REVIEW: Miss Saigon offers a touring cast that soars with a cliche that can’t — 3 of 5 stars


AURORA | The heat is still on in Saigon. 

The rotor blades are still whirring. Dream Land is still a hive of sin and lechery. And the Engineer is still a magnetizing maestro of vice.


That “Miss Saigon” is still a touring production is disheartening. The divisive production is riddled with cultural cringes and less-than-politically-correct marvels, as many reviewers have lamented over the show’s 30-year lifespan. It’s one of Broadway’s worst-kept secrets that Claude-Michel Schönberg and Alain Boublil’s work dwells on laurels with deep and well-watered roots in the era of The Actor President and acid wash jeans — not #MeToo. 

Alas, here we are, spilling ink on a venerable cliche.


You know the take on the some 120-year-old tale: A wide-eyed teenager recently forced into sex work falls for an American G.I. in 1970s Saigon. Penned by the minds behind “Les Miserables” and based on a Giacomo Puccini opera, the two battle a series of tragedies — and the machinations of a devious pimp — as the fallout from the American war in Vietnam craters.

It’s not that the current touring production at the Denver Center for the Performing Arts is poorly executed, or underwhelming. It’s not. As were its predecessors, the show is a spectacle of spectacles, wowing with improbably-sized sets, ensembles, musical numbers and talent.

Emily Bautista stuns as a woebegone Kim with a vocal range that must be heard to be believed. J. Daughtry as John and Anthony Festa as Chris are appropriately distraught Marines who also churn out impressive number after impressive number. And Red Concepción’s Engineer steps up, zeroing in on that tricky balance between odious captivation and pathetic pity. 

Several of Richard Maltby’s lyrics — “To pay for my keep, I’m rounding up sheep to fleece here in Bangkok” — retain their clever wit, though there’s just something about elevating the hackneyed punchline of “ass-a-hoe” that feels too polluted to enjoy.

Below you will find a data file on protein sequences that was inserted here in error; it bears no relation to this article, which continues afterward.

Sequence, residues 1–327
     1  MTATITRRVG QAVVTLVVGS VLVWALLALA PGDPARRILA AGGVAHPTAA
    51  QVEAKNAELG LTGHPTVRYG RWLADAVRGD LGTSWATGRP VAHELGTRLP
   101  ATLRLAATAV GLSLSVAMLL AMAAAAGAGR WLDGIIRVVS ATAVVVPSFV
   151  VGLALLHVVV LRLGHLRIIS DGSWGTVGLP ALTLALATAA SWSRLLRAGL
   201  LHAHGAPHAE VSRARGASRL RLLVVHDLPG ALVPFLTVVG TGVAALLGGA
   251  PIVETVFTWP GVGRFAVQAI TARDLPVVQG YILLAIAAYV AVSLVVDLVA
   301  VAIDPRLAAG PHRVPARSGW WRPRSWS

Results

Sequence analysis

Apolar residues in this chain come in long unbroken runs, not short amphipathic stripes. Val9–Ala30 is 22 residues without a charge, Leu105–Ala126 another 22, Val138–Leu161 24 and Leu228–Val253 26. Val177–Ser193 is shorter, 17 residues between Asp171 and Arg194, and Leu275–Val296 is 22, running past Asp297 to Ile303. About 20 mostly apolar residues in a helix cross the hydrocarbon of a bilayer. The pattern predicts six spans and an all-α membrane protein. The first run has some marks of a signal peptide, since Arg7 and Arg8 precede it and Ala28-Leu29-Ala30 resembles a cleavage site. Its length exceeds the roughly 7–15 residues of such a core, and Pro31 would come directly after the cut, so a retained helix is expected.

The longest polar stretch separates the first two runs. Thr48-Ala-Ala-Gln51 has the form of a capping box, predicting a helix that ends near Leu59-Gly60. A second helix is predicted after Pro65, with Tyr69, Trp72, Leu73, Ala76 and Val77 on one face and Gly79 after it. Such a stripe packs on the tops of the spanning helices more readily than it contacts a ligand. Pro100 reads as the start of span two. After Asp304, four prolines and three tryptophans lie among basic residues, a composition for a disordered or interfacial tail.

There were more than a few in the audience who just couldn’t revel in a show that, despite an ocean of outcry, has firmly set its claws into the canon. Instead of joining other patrons in the symphony of sniffles that swelled during the emotional apex — complete with a crescendo of handbag zippers to unveil packaged Kleenex — many sat blankly blinking.

The show nearly — nearly — veils its warts with stagecraft so fantastic it could give comb makers a run for their money due to its ability to quickly and regularly part one’s hair. A several-dozen-foot-tall bust of Bac Ho, a full platoon of soldiers and choreographed steps hammered out by a cadre of burlesque feather dancers are but a few of the breathtaking feats highlighted in this revival. They’re stunning. And in a truly musical’s musical — there’s nary a spoken word — all vocalists rightfully show their chops as musical theater virtuosos. The gajillion-part harmony emitted by a packed chorus belting “This is the hour” at the end of act one is a notable stand-out.

But glitter shouldn’t be an acceptable replacement for tolerance. When parsed from the myopia that often accompanies nostalgia, the show reveals itself for what it is: a hoary dinosaur ready to hit the penny slots in Atlantic City for the rest of its days, ideally far, far away from anywhere with an orchestra pit, stage lights or mezzanine.

While the extravaganza will, indeed, leave stars in your eyes, lipstick tubes and pigs should be kept apart for a reason.

And seriously, no helicopter?


3 out of 5 stars

Miss Saigon

Shows begin at 7:30 p.m. Sept. 19 through Sept. 22 with additional shows beginning at 2 p.m. Thursday, Saturday and Sunday. The Denver Center for the Performing Arts. 1101 13th St., Denver, CO 80204. Ticket prices vary. Visit for additional information.